An inquest should conclude within six months. However, the number lasting more than two years in England and Wales quadrupled from 378 in 2017 to 1,760 in 2022.

Jennifer Ellis

Jennifer Ellis

Of further concern is that the chief coroner’s most recent annual report, published in December, demonstrates that how long a grieving family will need to wait for an inquest to proceed really is a postcode lottery.

While statistics from the Ministry of Justice show a fall in the average time to process an inquest, scrutiny of regional data reveals that some coroner areas are displaying far lengthier delays than others. For example, in 2022 inquests proceeding in the Black Country were processed within an average of nine weeks, whereas inquests proceeding in North Lincolnshire and Grimsby took an average of 72 weeks. It is important to note that these figures are averages and not indicative of the actual number of weeks some families waited.

Potential causes

No causal breakdown is provided in the MoJ statistics, but an inquest may be delayed for a number of reasons. There may be a lack of available pathologists and/or coroners, or there could be an ongoing criminal investigation. For example, in the context of military claims one family waited more than four years for their daughter’s inquest while a criminal investigation and service inquiry ensued. Tragically, by the time of the inquest in this case others had taken their own lives in similar circumstances to the deceased.  


Coroners remain fully committed to uncovering truths, and delays appear to be systemic. The chief coroner’s report suggests that the pandemic is largely responsible for existing delays to proceedings. However, it is important to consider the delays in their full context. The MoJ statistics demonstrate that inquests have been taking longer since long before the pandemic. Many coroner areas have been presenting delayed inquest figures since 2016 (after central government implemented funding cuts). Conversely, some coroner areas are exhibiting improved performance since the pandemic. It is noteworthy that in his report the chief coroner identifies a concern regarding the failure of some local authorities to provide an acceptable level of funding and/or resources to certain coroner areas. Accordingly, while the pandemic will have undoubtedly contributed to national delays, such variations by geography suggest mismanagement by councils as a more plausible explanation. Further attention should be given to the coroner areas with recurrent delays to better understand underperformance.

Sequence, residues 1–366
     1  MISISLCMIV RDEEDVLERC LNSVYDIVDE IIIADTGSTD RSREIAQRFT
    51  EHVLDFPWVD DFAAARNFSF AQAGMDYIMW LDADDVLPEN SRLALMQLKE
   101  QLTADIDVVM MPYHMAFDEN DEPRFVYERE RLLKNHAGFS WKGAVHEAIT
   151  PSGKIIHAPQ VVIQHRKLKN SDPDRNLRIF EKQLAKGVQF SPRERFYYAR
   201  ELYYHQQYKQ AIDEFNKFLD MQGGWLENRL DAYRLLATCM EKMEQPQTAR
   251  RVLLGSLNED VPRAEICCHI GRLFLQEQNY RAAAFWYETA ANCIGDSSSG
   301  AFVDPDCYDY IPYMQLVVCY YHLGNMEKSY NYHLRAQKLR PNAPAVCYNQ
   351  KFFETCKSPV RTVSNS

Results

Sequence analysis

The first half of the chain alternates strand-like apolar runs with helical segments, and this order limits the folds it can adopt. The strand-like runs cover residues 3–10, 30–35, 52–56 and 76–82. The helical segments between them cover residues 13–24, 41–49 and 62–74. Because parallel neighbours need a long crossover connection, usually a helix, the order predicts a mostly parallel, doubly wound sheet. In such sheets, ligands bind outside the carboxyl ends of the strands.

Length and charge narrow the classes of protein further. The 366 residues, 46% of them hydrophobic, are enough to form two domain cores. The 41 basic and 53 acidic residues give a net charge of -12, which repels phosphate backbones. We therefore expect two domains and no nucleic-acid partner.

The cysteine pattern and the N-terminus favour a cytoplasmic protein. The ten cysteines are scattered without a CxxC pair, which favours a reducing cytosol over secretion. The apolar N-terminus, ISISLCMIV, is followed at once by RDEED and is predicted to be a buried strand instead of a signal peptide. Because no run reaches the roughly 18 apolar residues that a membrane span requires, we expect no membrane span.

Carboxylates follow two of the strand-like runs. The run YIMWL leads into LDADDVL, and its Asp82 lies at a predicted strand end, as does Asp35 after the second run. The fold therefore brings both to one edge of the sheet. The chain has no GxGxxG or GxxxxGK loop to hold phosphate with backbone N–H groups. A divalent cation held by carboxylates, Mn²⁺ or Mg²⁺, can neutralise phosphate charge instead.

It seems unjust that families are being failed by an under-equipped localised service. There are 81 independent coroner areas in England and Wales. In 2021 the Commons justice committee recommended uniting coroner areas into one homogenised national system to improve the service.

Implications of delays

Delays prolong the anguish of grieving families. They are left in limbo awaiting much-needed answers. In these circumstances, the inquest process can do more harm than good.

Moreover, a delayed inquest is unlikely to uncover the same degree of reliable evidence as an inquest conducted in a timelier fashion. It is inevitable that witnesses interviewed years after the event may be vaguer in their recollection. This calls into question the credibility of witness accounts. Retrieval of reliable evidence discovered through cross-examination of witnesses is less likely.

Coroners have a duty to issue a Prevention of Future Deaths (PFD) report where an inquest raises concern that others may be at risk of losing their lives. In some instances, this mechanism saves lives. However, where an inquest is delayed, so too is the issuing of a PFD report, and in the intervening period lessons are not learnt and lives may be lost. It is devastating for families who have lost a loved one to hear of others losing their lives in the same or similar circumstances because organisations have not reflected on changes that need to be made.

In conclusion, the cause of existing delays in the coronial system cannot be solely attributed to the pandemic. The underlying cause could well be resource/funding-led, given that some coroner areas are better equipped to conduct more timely inquests than others. Increased scrutiny of underperforming coroner areas would help us to better understand the nature of delays. Alternatively, establishing a homogenised national coroner’s service could prevent further regional disparities.  

It seems clear that the questionable integrity of evidence is jeopardising the proper administration of justice. Urgent action must be taken to address the delays exposed in the chief coroner’s report.


Jennifer Ellis is a solicitor in Bolt Burdon Kemp’s specialist military claims department